Looking for healthcare options in ‘Bago | News, Sports, Jobs

The United Hospital District clinic building on Winnebago’s Main Street, pictured above, has sat empty for some time. A Healthcare Recruitment Task Force in the community seeks to rectify the lack of healthcare options its vacancy has resulted in through networking and research.

Winnebago community leaders have long espoused how important the three Ds are to a community’s ability to thrive.

The three Ds represent three important services: a doctor, a dentist and drugs -  or, in other words, a pharmacy.

At the end of last year, at a meeting held on Nov. 3, the Winnebago Economic Development Authority (EDA) designated the search for a doctor, dentist, and pharmacy - as well as an attorney – as a ‘high-priority’ item for Winnebago’s future development.

“All of those things are important,” mayor Scott Robertson said, adding he would especially like to see a doctor and pharmacy come to the community.

In answer to the EDA’s concerns, a few community members formed a taskforce to identify concrete steps toward addressing the issue.

The resulting Healthcare Recruitment Task Force is a group of Winnebago stakeholders, and business owners in the medical field, who meet semi-occasionally to discuss resources for bringing healthcare services to Winnebago.

“Our long-term goals are to investigate ways to bring healthcare into Winnebago for the longevity of our community and our residents,” Angie Stier, Winnebago’s EDA specialist, summarizes.

“Our premium focus at this point is pharmacy and medical,” she adds. “Dental we’ll investigate a little further as we go on.”

Stier says the group has met three times since last December.

Winnebago’s concerns about the lack of healthcare options in the area were sparked when Winnebago’s United Hospital District (UHD)-operated clinic temporarily closed.

“There is a huge demand since UHD is not operating in Winnebago that we have a similar care service that residents can take part in,” Stier explains.

The city still hopes to remain in discussion with UHD in the event that the clinic’s Winnebago location may be reopened.

At its Nov. 3 meeting, the Winnebago EDA designated supporting UHD in reopening the Winnebago Clinic as ‘obviously high-priority.’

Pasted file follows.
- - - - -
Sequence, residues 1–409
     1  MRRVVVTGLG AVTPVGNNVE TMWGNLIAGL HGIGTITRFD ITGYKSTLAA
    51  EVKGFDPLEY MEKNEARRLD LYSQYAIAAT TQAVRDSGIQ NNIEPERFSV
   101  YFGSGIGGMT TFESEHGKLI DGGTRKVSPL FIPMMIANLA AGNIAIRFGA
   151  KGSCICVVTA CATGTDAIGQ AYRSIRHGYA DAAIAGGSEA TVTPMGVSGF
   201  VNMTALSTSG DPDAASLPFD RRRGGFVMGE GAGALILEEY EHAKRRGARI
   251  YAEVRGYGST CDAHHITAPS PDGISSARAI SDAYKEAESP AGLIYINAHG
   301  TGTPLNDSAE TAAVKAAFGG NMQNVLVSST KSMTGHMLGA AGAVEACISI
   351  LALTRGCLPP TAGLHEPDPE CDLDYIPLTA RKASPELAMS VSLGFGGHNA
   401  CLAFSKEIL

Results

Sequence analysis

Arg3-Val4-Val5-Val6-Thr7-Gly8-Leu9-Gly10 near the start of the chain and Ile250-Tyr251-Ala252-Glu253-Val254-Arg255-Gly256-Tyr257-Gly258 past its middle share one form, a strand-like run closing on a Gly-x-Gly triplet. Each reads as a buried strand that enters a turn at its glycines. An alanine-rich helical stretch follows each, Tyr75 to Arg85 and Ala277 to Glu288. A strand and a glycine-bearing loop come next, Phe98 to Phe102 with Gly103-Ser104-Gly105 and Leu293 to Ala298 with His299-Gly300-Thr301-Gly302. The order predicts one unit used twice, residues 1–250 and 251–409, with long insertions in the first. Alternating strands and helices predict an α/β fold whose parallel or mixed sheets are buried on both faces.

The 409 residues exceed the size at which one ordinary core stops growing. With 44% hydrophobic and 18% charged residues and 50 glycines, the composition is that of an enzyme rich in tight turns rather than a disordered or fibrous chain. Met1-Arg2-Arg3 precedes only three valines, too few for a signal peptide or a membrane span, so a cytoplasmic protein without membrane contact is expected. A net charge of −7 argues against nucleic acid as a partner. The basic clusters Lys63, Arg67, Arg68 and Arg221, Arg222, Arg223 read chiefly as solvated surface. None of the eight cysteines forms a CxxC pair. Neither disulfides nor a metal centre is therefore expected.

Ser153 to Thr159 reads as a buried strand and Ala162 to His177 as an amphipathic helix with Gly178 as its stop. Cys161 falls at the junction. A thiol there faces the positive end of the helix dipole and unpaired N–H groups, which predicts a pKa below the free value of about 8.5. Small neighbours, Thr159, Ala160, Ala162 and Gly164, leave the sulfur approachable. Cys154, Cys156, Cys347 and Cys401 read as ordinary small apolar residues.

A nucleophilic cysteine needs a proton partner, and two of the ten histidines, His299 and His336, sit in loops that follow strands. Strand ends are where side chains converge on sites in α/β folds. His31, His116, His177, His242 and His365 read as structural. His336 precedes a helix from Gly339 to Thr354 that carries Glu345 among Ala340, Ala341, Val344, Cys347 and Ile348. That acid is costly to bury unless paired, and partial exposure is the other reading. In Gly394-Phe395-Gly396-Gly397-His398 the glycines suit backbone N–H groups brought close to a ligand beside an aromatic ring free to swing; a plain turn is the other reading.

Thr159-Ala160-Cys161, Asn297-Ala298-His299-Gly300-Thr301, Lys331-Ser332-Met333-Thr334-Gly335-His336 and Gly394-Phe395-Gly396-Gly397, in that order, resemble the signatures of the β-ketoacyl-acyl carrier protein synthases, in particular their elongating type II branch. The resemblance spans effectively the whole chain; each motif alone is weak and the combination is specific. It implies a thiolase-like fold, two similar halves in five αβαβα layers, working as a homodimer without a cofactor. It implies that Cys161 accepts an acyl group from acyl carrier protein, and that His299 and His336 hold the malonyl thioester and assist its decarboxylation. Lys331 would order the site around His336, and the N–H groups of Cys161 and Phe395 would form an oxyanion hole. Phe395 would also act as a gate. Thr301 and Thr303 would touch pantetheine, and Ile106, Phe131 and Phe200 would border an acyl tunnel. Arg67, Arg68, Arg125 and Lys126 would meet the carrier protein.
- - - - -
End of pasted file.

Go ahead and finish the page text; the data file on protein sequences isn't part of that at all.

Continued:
However, half a year later, Stier observes, “They (the clinic) still haven’t opened. If they do come in, great. If they don’t, we need to check out other options.”

The Healthcare Recruitment Task Force already has several ideas on the table.

Stier says the group has already been in conversation with a healthcare professional company about putting a satellite location somewhere in town. The process would involve identifying the best location for satellite healthcare services and finding funding for any necessary equipment.

The Healthcare Recruitment Task Force has also discussed the feasibility of acquiring telepharmacy services in Winnebago with Sterling Drug, a business which offers pharmacy services in Fairmont.

In regards to establishing a pharmacy in Winnebago, Stier notes, “There is an area in the corner of the grocery store created with that specific intention.”

These discussions, of course, are just first steps toward the group’s larger goals for the future.

“The key is honestly just getting everybody involved in it,” Stier explains.

She says the group wants to ensure its efforts do not interfere with local services already offered in the Winnebago area.

Currently, the community has an optometrist – Brett Johnson – and Winnebago Chiropractic. Parker Oaks Senior Living also offers healthcare services.

Broadly, the Healthcare Recruitment Task Force recognizes what a vital role medical, pharmaceutical and dental services play in a community’s success.

Stier notes the inconvenience experienced by small town residents when they have to travel for healthcare services.

“A lot of those people may not have two cars to take out to a doctor appointment while one person’s working,” she considers. “Or, older residents are not comfortable driving.”

Stier concludes, “We’re trying to accommodate to staying local, keeping our money local, and bringing businesses into the area that could do some good.”

She adds, “It’s an ongoing conversation. Investigating, discussing, reaching out – it takes time.”


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